To many, the name Edward George Bowen popularly known as “Taffy” does not ring a bell. But this modest scientist was one of the most important people that helped Britain with winning The Battle of Britain when German Air Force waged war against the Kingdom during the Second World War.
While he was neither one of the Royal Air Force (RAF) fighter nor part of the crew on the battle field that brought down Hitler’s Luftwaffe out of the sky, Bowen was one of the people that developed the technology that gave the British RAF an advantage over the Germans as they were able to detect the Luftwaffe and strike them down.
Bowen, together with his colleague developed the airborne radar that made it easy to detect aircrafts. The first time Bowen accompanied Navy and Coastal Command men to search for a British fleet in the North Sea and actually detected it using low visibility, the military observers were baffled to see the impressive work their radar technology can do.
By 1943, the radar developed by this former Swansea University physics professor and his colleagues were miniaturised and fitted into the nose of British war planes to allow them detect enemy aircrafts and submarines.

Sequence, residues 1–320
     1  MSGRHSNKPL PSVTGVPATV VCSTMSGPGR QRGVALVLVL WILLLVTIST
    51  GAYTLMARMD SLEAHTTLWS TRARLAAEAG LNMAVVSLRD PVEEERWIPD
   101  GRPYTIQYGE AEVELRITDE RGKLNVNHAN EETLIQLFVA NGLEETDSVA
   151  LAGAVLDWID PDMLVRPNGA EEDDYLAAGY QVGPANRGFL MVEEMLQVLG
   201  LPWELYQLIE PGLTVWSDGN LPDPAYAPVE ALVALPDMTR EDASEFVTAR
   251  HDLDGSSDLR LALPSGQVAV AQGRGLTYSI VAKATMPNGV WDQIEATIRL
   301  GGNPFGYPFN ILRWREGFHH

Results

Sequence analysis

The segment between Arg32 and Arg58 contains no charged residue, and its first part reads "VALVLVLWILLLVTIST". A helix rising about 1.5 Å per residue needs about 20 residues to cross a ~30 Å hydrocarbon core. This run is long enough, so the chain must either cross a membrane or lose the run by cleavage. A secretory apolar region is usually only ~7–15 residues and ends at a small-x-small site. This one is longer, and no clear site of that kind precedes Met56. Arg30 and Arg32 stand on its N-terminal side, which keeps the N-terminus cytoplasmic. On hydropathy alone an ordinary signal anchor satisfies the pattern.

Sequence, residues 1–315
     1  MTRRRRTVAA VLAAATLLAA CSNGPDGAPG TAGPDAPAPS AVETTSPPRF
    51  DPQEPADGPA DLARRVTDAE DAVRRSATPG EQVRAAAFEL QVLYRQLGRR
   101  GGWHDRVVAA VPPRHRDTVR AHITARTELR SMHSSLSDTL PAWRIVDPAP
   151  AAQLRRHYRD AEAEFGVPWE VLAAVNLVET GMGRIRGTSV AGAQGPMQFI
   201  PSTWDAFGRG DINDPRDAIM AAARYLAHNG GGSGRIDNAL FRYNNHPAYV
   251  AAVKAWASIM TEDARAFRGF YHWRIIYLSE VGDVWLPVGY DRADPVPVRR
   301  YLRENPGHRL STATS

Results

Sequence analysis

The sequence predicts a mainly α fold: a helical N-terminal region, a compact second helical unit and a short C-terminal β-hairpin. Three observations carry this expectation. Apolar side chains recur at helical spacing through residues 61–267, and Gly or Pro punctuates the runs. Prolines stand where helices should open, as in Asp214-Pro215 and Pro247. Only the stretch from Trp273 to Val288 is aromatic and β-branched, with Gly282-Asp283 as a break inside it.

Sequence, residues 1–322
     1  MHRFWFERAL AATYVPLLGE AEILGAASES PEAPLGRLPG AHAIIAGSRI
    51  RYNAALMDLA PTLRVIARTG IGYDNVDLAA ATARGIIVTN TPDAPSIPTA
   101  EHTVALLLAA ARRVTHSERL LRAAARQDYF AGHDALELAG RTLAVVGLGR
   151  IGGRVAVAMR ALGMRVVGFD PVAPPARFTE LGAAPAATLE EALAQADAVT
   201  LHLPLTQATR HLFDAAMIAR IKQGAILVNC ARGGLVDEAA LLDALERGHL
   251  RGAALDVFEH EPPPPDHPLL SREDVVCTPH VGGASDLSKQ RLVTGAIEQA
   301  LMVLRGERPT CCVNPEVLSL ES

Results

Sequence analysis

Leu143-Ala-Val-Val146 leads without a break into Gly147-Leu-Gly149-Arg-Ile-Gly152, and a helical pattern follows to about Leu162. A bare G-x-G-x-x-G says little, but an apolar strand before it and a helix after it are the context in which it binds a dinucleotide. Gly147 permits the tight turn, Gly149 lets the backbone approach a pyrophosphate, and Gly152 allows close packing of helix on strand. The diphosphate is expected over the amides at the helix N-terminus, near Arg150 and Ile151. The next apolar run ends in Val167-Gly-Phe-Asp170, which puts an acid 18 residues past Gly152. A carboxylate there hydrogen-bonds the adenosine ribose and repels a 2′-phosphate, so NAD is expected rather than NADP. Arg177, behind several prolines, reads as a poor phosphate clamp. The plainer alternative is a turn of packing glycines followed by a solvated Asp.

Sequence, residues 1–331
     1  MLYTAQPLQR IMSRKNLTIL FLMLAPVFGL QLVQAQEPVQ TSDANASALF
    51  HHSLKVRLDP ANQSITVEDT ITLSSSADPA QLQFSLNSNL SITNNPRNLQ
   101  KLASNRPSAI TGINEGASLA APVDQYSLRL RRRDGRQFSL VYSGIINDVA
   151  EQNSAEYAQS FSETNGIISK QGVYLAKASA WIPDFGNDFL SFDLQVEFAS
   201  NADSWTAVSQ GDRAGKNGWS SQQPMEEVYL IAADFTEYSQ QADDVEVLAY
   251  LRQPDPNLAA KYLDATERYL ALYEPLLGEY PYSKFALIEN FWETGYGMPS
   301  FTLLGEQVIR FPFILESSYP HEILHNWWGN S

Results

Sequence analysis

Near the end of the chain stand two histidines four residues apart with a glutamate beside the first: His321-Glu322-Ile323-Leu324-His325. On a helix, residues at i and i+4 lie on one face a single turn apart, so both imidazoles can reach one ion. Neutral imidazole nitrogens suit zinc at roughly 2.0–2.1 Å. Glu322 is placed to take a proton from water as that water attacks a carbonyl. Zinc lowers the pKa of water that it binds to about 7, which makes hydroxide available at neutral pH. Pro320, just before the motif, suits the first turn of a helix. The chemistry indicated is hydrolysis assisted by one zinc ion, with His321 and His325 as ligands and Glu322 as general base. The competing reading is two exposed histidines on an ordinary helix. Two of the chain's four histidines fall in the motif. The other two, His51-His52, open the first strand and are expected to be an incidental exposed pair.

As such, Bowen and his colleagues technology became the standard for all British war aircrafts and apart from helping the British RAF destroy Hitler’s Luftwaffe and stop Germany from gaining superiority over Britain, the radars also helped Britain during the Battle of the Atlantic as they were also able to detect the German U-Boats (Undersea Boat or military submarines) within 100 miles and destroy them. All during The Second World War.
Bowen and his colleagues’ invention did not only boost the British navy and military might during the Second World War but has also changed our everyday lives with the technologies that were designed by their work. Air traffic control, modern microwave ovens and TV cathode ray tubes are some of the technologies we have come to enjoy as a result of their invention.
But Bowen was not a man that love praises or being honoured for the technologies he had contributed to make possible. When he moved from Britain to his newly adopted country which was Australia, the genius scientist refused many honours that were awarded to him for the contribution he has made to the world’s technological advancement, the Wales Online reports.
He was just a modest genius that loves doing what he does. This son of a Cockett steel worker was so talented that he built his own valve radio transmitter at the very young age of nine. And at 16, he was already a student at Swansea University who went on to get his MScat 19 and then a professorship at just 24. In 1991, this man who was a Second World War hero even though he was never on the battle field died in Sydney. He was 80.